Injection:

This medication is also available in an injectable form to be given directly into a vein (IV) or the muscle (IM) by a healthcare professional.

Fentora Dosage

Take this medication exactly as prescribed by your doctor. Follow the directions on your prescription label carefully.

The dose your doctor recommends may be based on the following:

  • the condition being treated
  • how you respond to this medication
  • your weight
  • your age

 

Nasal spray:

The recommended dose/dose range of (LAZANDA) fentanyl nasal spray for the treatment of breakthrough cancer pain is 100 mcg to 800 mcg. LAZANDA is only indicated for patients who are opioid tolerant, meaning they have been taking opioid pain medications for at least one week. The dose of LAZANDA is titrated based on your response to the medication. Each episode of pain can be treated with a single spray into one nostril or a single spray into each nostril. If adequate pain relief is not achieved, do not repeat the dose of LAZANDA. No more than 4 episodes of pain should be treated with LAZANDA in one day.

 

Sublingual spray:

The recommended dose/dose range of SUBSYS (fentanyl sublingual spray) for the treatment of breakthrough cancer pain is 100 mcg to 1600 mcg. SUBSYS is only indicated for patients who are opioid tolerant, meaning they have been taking opioid pain medications for at least one week. The dose of SUBSYS is titrated based on your response to the medication and the dose may be repeated in 30 minutes if additional pain relief is needed. No more than 2 doses should be taken for each episode of breakthrough pain; wait at least 4 hours before treating another episode of pain with SUBSYS.

 

Sublingual tablet:

The recommended dose/dose range of ABSTRAL (fentanyl sublingual tablet) for the treatment of breakthrough cancer pain is 100 mcg to 800 mcg. ABSTRAL is only indicated for patients who are opioid tolerant, meaning they have been taking opioid pain medications for at least one week. The dose of ABSTRAL is titrated based on your response to the medication and the dose may be repeated in 2 hours if additional pain relief is needed. No more than 2 doses should be taken for each episode of breakthrough pain and no more than 4 episodes of pain should be treated with ABSTRAL in one day.

 

Oral lozenge:

The recommended dose/dose range of ACTIQ (fentanyl) lozenge for the treatment of breakthrough cancer pain is 200 mcg to 1600 mcg. The lozenge should be consumed over 15 minutes. ACTIQ is only indicated for patients who are already taking around-the-clock opioid medications. The dose of ACTIQ is titrated based on your response to the medication and the dose may be repeated once in 30 minutes if additional pain relief is needed. Wait at least 4 hours before treating another episode of pain.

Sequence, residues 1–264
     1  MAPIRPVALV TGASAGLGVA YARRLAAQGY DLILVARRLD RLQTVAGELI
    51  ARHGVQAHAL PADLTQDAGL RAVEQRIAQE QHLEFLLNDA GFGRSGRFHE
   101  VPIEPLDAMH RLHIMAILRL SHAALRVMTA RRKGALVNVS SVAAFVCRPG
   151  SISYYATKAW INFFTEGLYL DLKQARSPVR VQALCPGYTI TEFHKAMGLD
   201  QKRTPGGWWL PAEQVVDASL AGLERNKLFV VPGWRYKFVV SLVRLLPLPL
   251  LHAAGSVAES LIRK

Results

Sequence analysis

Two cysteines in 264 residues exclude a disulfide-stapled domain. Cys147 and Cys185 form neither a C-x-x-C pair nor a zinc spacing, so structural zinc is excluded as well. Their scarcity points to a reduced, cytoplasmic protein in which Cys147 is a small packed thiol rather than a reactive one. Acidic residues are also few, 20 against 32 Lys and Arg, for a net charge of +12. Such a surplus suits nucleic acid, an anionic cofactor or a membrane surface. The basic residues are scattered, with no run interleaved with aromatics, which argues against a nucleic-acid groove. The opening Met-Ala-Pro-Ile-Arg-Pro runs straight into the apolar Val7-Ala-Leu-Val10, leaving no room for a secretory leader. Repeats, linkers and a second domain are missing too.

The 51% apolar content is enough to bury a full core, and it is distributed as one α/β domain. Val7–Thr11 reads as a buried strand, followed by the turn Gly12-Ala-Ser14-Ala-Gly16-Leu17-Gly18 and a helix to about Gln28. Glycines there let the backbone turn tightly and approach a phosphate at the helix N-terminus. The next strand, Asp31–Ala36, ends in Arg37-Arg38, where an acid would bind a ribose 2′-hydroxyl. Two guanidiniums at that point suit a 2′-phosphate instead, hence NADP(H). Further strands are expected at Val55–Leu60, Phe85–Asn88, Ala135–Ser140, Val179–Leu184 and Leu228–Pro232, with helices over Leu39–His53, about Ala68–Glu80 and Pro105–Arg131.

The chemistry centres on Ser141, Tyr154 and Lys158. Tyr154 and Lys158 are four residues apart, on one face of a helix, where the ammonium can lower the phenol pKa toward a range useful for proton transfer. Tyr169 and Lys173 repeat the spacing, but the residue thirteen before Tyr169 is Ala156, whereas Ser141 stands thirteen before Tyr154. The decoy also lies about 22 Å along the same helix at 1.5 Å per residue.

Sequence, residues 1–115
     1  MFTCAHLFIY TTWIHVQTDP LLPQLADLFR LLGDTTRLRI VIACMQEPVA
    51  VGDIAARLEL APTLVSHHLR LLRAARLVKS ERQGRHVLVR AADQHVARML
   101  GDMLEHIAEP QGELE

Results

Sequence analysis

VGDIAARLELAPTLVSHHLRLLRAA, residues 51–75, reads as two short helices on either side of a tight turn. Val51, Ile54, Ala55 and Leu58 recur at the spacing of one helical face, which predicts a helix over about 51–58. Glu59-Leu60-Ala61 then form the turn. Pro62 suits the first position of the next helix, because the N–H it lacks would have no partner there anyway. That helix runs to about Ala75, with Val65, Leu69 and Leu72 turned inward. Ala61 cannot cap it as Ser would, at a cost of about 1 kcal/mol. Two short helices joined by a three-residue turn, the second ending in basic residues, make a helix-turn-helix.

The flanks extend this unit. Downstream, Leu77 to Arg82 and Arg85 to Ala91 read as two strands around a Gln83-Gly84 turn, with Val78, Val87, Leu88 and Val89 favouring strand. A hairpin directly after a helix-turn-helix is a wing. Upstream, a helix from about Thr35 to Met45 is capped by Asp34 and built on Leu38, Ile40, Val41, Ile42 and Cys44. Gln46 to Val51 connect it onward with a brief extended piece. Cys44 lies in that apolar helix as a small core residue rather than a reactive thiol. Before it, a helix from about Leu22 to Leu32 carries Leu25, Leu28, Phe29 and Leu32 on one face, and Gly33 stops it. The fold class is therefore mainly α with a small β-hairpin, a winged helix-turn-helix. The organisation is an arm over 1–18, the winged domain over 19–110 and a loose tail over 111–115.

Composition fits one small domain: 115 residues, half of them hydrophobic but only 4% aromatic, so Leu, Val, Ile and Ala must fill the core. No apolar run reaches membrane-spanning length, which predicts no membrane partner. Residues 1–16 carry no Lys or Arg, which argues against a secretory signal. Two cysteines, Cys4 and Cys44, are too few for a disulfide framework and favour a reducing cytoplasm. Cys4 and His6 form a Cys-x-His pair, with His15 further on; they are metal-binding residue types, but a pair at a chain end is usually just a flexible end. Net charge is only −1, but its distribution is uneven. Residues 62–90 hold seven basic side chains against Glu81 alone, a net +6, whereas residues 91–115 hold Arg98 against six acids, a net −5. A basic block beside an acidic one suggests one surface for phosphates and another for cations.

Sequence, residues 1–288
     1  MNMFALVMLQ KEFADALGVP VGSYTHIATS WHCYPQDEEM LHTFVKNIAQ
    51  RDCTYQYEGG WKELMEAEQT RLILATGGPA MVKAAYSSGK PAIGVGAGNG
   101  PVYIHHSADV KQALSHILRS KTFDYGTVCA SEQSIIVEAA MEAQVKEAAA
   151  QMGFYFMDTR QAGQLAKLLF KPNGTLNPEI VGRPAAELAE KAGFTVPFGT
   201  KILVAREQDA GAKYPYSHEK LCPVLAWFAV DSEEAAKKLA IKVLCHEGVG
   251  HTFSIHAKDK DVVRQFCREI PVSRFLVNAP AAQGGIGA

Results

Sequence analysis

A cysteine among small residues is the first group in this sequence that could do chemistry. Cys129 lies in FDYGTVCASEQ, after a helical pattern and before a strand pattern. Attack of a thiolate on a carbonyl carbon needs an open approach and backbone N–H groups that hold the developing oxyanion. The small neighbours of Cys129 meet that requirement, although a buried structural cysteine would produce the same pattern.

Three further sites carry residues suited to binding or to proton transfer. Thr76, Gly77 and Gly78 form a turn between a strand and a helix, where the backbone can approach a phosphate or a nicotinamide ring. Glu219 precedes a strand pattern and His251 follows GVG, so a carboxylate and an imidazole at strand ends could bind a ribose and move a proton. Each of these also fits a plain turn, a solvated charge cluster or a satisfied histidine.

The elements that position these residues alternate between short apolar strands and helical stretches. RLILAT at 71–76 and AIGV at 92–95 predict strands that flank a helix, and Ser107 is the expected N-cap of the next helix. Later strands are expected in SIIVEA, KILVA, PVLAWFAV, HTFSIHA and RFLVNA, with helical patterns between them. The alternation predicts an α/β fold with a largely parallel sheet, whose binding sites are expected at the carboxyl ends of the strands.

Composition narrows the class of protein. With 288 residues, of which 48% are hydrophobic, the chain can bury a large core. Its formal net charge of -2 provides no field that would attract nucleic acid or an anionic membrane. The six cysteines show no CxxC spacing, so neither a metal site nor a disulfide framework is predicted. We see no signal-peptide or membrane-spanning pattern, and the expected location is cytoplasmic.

Transdermal system:

The recommended dose/dose range of fentanyl extended release transdermal systems for the treatment of pain is 12 to 100 mcg/hour. Fentanyl transdermal systems are only indicated for patients who are opioid tolerant, meaning they have been taking opioid pain medications for at least one week. The dose will be titrated based on your response to the medication.

 

Injection:

The dose/dose range of fentanyl injection is individualized on the basis of its indication for use. Fentanyl injection can be administered as premedication prior to surgery, for anesthesia induction, as an adjunct to regional anesthesia, or for pain control in the post-operative setting.

 

Fentora Overdose

If you take too much fentanyl, call your healthcare provider or local Poison Control Center, or seek emergency medical attention right away.

If fentanyl is administered by a healthcare provider in a medical setting, it is unlikely that an overdose will occur. However, if overdose is suspected, seek emergency medical attention.

Other Requirements

  • Store fentanyl at room temperature.
  • Keep this and all medicines out of the reach of children.
  • Special instructions for discarding used and unused fentanyl doses are provided in the medication guide you will receive with your medication. Follow these instructions carefully and ask your pharmacist for more information or if you are unclear how to dispose of fentanyl products safely.

Fentora FDA Warning

Nasal Spray:

 

WARNING: RISK OF RESPIRATORY DEPRESSION, MEDICATION ERRORS, ABUSE POTENTIAL

See full prescribing information for complete boxed warning.

Due to the risk of fatal respiratory depression, Lazanda is contraindicated in opioid non-tolerant patients and in management of acute or postoperative pain, including headache/migraines.

Keep out of reach of children.

Use with CYP3A4 inhibitors may cause fatal respiratory depression.

When prescribing, do not convert patients on a mcg per mcg basis from any other oral transmucosal fentanyl product to Lazanda.

When dispensing, do not substitute with any other fentanyl products.